Two years ago, Robert Perry was struck and killed by a driver racing past the Bowery Mission at speeds in excess of 50 m.p.h. Yesterday that driver learned his fate. 25-year-old Danny Lin could end up serving less than two years in prison after being convicted on second degree manslaughter charges.
Perry, 57, died after being run over by Lin on Nov. 24, 2014, near Rivington Street. After initially hitting Perry, prosecutors said, “he continued barreling down the street… before eventually crashing into a hydrant on a congested sidewalk, narrowly missing several bystanders.”
During a sentencing hearing Monday, State Supreme Court Judge Thomas Farber told Lin, “Society cannot have this kind of lawless behavior go unpunished.” As a result of the sentence, Lin could spend up to five years in prison, or be freed after just one and 2/3 years.
A reporter from the Daily News attended yesterday’s hearing:
Assistant District Attorney David Drucker said that Lin’s devastating driving the day he fatally struck 57-year-old Robert Perry with his 2011 BMW 335i was “not at all an aberration.”… “Basically, driving fast is what the defendant does. It’s like a hobby of his,” Drucker said. Drucker also pointed to GoPro video footage from previous times that shows Lin “driving incredibly fast both on highways and more importantly on public streets.” Lin, who was convicted of second-degree manslaughter in July, was “very well aware of the potentially deadly nature of driving this fast,” the ADA added. Lin even sports a quote that has been attributed to the late Paul Walker, who died in a major car wreck. “If one day speed kills me do not cry because I was smiling,” the arm tattoo reads.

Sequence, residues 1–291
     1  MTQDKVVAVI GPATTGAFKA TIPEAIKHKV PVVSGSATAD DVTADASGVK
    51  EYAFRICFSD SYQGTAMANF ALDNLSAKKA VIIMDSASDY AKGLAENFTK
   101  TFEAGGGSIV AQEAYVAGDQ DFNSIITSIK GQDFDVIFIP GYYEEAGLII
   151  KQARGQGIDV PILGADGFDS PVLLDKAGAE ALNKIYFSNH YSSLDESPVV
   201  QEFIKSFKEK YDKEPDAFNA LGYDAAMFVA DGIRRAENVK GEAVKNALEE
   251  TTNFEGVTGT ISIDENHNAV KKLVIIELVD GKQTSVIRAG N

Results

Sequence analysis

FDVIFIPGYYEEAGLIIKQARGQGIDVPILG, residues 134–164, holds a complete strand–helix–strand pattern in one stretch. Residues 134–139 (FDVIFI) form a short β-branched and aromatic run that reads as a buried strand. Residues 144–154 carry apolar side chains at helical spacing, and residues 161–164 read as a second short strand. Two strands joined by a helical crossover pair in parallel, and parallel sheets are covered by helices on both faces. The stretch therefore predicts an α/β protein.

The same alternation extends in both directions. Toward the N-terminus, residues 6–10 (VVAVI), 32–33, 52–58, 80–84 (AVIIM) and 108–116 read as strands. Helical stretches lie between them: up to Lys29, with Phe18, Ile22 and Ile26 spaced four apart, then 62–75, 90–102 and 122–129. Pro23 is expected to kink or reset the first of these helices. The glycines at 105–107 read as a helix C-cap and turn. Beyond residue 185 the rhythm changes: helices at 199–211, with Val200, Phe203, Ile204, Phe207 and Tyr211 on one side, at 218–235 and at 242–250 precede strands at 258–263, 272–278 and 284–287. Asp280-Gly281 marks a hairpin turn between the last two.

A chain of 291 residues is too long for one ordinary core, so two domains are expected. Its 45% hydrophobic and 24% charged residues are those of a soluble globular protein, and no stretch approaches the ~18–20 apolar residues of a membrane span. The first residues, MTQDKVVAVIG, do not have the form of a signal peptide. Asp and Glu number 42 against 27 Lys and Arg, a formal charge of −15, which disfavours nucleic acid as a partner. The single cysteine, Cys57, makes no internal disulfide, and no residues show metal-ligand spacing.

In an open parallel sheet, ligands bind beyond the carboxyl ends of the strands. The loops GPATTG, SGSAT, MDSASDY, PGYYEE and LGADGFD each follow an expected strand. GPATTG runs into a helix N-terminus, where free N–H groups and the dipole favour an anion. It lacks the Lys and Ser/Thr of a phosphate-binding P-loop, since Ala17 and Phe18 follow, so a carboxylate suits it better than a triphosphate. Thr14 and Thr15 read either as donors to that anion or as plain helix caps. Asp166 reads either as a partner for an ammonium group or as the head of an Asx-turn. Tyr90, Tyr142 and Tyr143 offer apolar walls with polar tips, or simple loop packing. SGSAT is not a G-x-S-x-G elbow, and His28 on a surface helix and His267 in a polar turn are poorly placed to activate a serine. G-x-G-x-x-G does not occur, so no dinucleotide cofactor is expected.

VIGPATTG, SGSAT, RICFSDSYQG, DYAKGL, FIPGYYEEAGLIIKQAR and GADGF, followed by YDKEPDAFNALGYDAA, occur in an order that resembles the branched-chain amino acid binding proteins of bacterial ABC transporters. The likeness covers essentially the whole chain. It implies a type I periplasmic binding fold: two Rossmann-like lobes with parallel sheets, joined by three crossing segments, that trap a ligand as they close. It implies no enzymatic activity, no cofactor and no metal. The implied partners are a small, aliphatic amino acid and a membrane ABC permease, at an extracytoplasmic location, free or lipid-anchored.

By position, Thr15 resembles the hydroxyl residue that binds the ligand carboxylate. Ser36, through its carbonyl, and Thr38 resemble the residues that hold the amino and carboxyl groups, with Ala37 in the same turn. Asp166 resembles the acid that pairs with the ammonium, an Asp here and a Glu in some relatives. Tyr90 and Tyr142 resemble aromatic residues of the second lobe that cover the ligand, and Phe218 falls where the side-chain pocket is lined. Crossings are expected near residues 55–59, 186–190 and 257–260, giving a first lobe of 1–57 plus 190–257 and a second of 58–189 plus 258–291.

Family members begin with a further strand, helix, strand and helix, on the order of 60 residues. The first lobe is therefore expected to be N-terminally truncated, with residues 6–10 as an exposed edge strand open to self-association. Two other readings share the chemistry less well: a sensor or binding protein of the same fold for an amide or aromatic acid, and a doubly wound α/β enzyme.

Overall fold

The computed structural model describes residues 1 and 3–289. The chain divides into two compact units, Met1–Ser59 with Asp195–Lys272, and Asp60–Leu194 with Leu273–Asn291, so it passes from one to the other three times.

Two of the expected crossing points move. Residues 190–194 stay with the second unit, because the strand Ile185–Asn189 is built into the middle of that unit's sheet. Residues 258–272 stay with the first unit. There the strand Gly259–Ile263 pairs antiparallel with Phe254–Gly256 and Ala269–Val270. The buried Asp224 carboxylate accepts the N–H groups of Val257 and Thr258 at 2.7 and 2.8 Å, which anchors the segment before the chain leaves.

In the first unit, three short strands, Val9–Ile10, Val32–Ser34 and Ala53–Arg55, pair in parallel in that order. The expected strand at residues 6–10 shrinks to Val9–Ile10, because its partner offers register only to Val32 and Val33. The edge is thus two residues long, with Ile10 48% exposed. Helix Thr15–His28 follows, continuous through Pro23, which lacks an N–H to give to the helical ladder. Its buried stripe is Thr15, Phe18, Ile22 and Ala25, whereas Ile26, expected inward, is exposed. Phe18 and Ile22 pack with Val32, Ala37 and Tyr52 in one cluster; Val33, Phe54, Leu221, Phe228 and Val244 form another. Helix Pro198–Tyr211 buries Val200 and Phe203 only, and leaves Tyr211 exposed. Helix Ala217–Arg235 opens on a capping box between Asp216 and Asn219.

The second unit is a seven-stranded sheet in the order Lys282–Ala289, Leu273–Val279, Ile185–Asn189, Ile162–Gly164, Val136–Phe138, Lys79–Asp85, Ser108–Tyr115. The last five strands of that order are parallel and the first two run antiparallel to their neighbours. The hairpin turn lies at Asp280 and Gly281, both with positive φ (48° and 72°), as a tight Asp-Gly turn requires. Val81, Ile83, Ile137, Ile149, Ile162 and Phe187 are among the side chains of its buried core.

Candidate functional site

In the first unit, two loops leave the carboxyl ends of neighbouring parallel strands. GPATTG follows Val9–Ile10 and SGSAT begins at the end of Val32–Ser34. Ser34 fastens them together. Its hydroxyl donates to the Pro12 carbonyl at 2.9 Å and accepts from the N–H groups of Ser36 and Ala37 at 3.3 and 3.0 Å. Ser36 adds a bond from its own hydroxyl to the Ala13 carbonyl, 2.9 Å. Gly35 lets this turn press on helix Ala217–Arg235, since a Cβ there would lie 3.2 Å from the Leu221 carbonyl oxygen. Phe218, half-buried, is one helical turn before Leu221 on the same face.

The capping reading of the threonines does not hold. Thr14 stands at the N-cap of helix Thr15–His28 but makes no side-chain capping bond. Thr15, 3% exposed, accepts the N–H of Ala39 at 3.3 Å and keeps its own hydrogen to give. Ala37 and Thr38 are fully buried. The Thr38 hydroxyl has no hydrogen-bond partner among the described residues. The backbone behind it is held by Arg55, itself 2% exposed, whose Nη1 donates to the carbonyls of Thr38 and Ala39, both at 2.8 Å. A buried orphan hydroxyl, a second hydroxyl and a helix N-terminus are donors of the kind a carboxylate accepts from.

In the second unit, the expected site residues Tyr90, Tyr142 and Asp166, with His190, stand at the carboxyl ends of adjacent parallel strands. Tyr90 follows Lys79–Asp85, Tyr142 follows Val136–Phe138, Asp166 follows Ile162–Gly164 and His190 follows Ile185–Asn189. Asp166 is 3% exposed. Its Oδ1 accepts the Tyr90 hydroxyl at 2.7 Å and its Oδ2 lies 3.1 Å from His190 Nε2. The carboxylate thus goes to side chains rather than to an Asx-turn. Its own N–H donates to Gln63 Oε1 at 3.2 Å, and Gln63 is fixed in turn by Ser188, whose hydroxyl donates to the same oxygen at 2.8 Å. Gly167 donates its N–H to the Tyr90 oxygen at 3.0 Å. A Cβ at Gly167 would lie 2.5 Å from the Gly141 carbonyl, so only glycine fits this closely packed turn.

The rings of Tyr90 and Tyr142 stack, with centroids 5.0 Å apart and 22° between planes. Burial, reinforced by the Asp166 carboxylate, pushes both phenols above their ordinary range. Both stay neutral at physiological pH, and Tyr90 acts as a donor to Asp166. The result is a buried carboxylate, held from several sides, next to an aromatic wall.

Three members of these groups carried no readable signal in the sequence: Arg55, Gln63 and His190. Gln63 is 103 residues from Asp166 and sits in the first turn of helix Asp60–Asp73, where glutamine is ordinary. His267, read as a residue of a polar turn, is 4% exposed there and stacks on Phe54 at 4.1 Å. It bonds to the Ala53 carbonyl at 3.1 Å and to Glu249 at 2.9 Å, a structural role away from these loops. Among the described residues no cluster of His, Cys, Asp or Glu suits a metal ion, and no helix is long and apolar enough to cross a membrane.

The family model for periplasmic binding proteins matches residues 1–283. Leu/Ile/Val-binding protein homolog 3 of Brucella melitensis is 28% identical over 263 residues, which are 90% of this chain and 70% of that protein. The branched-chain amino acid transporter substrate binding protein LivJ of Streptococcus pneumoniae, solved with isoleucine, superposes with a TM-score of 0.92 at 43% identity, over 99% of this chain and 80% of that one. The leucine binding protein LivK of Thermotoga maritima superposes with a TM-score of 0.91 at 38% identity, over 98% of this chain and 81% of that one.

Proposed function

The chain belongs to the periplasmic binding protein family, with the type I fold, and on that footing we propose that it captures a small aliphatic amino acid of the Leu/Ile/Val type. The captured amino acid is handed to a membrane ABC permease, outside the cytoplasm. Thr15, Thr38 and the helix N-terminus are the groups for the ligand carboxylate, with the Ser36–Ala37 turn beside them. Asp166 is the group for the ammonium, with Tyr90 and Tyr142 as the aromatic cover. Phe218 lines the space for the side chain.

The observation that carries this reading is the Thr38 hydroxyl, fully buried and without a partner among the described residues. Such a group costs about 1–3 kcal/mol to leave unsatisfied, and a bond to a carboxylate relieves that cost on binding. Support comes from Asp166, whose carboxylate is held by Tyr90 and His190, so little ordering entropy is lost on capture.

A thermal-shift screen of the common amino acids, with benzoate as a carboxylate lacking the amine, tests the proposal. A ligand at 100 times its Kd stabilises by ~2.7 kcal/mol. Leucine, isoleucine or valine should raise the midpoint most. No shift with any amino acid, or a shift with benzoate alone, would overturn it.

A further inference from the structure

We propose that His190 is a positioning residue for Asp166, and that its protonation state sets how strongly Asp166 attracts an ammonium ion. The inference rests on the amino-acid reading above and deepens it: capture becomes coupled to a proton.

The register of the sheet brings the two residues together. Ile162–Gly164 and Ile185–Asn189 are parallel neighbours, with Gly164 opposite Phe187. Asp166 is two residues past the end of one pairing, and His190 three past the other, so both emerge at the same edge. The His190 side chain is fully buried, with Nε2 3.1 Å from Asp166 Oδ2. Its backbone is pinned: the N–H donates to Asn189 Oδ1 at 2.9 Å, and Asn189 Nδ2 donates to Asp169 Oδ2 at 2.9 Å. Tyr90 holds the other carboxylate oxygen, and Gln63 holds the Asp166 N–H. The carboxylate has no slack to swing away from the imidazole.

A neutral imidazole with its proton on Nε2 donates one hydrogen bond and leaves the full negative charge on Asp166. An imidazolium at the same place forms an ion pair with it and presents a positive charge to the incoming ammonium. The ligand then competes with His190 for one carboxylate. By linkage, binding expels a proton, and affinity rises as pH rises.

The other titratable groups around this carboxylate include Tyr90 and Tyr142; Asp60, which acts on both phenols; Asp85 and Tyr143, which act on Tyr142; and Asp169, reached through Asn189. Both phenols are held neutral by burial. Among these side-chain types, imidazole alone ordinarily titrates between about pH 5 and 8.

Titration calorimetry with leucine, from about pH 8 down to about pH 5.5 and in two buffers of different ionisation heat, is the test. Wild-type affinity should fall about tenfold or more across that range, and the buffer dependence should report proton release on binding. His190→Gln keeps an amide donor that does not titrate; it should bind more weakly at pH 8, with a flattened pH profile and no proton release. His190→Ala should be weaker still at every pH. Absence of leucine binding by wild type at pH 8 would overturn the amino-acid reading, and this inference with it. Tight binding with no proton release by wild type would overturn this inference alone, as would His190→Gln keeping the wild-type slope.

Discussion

The judge rejected pleas from Lin’s attorney for community service rather than prison time. The DA’s office had asked for a harsher jail term than the judge imposed. District Attorney Cy Vance released a statement saying:
Danny Lin’s reckless driving brought about the untimely death of Robert Perry and gravely endangered several others as he sped down the Bowery at more than twice the local speed limit. Thanks to my Office’s prosecutors and the NYPD’s Collision Investigation Squad, he will now serve a prison sentence for his deadly conduct. We will continue doing our part to reduce vehicular fatalities by holding criminal drivers accountable for the harm that they inflict.
Robert Perry frequently stayed at the Bowery Mission. He struggled with homelessness most of his life. Perry was a member of the mission’s photography club. He was interviewed shortly before the hit-and-run tragedy, telling the story of his difficult life.